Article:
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Yes, you will get lost

It will happen to all of you. While writing, you will lose your way, lose your confidence, lose sight of what your story is about, and panic.

If you are using an outline, this is far less likely to happen because you have a plan and know where you are going next.

You can get back on track if you remind yourself that you are writing a novel made up of a main plot and a few to several subplots. And that your story has one focus – the central character, your protagonist.

The central character in each plot will be in a situation of your design (a place, a time, a world) where he will have a driving objective (a goal, want, need, desire).

That goal will move your character to action – in pursuit of that goal. Things happen to him because of what he is pursuing. Don't let him sit idle and have random bad luck happen to him. Put him in motion and keep him in motion.

His actions to pursue his goal will be blocked by a source of conflict – an antagonist.

Your scenes should demonstrate obstacle (conflict) and should raise questions and cause the reader to worry (dramatic tension). Any scene that doesn't do these things needs to be flagged for revision or elimination.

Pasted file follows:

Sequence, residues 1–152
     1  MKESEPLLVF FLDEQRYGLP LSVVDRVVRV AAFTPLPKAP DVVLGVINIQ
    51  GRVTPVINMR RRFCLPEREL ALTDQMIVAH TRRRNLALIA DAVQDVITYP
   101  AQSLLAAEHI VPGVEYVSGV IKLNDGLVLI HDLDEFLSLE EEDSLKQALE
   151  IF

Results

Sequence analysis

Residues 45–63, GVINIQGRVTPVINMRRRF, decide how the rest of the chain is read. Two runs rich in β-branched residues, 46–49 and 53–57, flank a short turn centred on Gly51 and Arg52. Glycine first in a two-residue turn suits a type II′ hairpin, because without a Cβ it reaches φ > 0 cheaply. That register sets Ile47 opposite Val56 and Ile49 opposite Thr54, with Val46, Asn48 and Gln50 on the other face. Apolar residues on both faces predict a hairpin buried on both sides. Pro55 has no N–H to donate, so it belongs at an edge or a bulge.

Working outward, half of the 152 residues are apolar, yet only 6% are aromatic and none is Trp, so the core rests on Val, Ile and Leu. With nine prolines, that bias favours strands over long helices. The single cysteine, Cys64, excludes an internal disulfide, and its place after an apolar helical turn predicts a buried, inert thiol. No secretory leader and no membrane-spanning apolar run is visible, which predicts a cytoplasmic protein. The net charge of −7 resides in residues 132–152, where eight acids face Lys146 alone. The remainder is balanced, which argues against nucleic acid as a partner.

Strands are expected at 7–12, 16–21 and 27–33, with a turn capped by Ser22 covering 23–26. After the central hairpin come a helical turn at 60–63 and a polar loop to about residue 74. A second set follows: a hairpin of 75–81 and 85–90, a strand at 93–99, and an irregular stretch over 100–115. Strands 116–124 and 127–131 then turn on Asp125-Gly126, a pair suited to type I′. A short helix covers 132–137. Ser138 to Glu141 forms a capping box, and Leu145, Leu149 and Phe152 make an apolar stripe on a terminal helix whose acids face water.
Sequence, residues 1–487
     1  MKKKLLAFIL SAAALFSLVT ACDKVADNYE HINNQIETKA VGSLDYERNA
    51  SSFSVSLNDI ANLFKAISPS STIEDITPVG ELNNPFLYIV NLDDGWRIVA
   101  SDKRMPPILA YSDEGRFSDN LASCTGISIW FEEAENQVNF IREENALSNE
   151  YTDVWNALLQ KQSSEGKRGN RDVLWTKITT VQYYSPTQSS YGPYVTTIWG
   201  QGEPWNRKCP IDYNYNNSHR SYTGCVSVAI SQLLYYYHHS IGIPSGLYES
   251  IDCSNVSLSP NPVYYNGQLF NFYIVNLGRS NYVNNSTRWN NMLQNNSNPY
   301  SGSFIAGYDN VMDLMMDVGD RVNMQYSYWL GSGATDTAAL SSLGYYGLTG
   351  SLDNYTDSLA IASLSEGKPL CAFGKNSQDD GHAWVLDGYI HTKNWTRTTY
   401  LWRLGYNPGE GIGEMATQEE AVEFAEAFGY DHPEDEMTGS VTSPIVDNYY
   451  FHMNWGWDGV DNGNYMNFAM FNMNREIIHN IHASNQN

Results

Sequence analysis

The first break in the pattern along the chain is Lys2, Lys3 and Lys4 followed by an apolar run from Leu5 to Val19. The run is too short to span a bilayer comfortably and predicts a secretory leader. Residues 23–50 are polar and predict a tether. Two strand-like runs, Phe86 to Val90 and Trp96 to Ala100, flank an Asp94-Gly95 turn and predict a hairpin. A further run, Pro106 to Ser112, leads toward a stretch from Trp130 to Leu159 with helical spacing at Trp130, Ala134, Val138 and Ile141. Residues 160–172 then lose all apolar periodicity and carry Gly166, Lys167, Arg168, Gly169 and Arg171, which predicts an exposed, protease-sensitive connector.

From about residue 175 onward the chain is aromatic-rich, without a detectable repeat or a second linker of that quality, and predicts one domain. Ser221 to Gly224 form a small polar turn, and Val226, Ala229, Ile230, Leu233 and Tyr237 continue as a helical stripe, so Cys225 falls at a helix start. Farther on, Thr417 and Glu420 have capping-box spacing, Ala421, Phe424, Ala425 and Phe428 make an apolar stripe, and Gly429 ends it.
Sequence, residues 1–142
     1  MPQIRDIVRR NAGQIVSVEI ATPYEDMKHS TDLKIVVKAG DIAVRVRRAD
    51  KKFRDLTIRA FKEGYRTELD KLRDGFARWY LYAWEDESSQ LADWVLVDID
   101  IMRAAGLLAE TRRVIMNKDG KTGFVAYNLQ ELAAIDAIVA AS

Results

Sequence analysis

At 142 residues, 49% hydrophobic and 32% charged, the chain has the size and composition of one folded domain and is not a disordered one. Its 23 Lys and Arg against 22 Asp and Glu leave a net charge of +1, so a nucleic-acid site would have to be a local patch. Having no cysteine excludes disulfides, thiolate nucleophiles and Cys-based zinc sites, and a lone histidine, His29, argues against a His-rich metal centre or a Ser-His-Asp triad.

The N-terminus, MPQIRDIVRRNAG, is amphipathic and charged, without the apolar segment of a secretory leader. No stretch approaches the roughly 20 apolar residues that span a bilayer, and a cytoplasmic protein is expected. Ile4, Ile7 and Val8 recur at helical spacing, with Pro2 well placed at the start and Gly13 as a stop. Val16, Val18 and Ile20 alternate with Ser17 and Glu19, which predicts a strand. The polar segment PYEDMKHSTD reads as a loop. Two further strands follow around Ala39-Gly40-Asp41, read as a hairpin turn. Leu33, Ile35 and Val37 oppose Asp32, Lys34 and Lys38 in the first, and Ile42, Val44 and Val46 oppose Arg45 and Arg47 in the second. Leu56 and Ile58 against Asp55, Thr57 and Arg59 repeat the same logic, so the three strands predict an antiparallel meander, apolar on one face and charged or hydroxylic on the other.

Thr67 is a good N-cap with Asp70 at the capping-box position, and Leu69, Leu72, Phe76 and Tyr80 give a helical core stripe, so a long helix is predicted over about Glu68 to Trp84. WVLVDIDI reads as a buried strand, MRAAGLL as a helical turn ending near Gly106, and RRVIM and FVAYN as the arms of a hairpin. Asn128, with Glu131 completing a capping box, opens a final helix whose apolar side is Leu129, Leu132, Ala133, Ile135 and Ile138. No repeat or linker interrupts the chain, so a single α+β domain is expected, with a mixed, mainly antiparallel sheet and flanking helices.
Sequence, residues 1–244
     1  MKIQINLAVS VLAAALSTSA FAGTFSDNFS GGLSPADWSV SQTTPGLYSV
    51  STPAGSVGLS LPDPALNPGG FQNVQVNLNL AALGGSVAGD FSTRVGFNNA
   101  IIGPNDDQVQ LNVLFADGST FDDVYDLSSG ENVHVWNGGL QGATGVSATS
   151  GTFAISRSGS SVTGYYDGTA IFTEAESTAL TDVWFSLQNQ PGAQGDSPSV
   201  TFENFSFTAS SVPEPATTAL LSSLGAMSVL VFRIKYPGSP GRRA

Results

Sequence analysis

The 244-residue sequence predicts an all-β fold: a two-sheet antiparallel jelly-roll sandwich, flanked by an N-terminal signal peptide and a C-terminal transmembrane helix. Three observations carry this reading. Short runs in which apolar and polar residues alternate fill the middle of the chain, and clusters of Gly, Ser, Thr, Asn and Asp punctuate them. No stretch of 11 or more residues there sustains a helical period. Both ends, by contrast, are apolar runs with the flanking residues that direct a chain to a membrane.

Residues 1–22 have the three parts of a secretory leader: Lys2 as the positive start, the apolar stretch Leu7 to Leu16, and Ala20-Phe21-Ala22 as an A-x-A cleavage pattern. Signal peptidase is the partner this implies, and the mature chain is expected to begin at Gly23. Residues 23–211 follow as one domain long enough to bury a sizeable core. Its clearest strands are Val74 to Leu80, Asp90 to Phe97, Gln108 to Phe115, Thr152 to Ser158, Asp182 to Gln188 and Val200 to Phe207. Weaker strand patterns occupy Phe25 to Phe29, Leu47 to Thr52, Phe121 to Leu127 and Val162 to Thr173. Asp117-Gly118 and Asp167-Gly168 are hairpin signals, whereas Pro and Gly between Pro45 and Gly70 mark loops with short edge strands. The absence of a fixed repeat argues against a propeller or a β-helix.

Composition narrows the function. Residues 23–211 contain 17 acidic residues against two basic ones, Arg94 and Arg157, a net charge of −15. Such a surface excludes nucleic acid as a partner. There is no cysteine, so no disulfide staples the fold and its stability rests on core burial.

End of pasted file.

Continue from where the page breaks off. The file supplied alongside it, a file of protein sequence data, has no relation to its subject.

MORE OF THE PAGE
Your character moves forward through the story encountering more and greater obstacles or the same amount of obstacles with less and less in the way of resources to overcome them. Either result in rising story intensity and more worry for your reader — your two primary goals in your story's design.

Eventually, your protagonist will run out of options to attempt to achieve his goal and have one last attempt left. It will appear to him and the reader as a last chance scene. He will either succeed or fail in this scene – the climax – and there will be no further options open to him if he fails.

The climax will answer the dramatic question: Will my character get what he wants/needs/desires, or not?

After this climax occurs, your story will turn to falling action as loose ends are resolved.

And this resolution should only occupy a few pages, at most, because your story has ended, conflict is over, and your reader will sit back and stop worrying.

These recommendations might just help you revise your outline as a guide to what to write next, where your story has been, and where it still needs to go.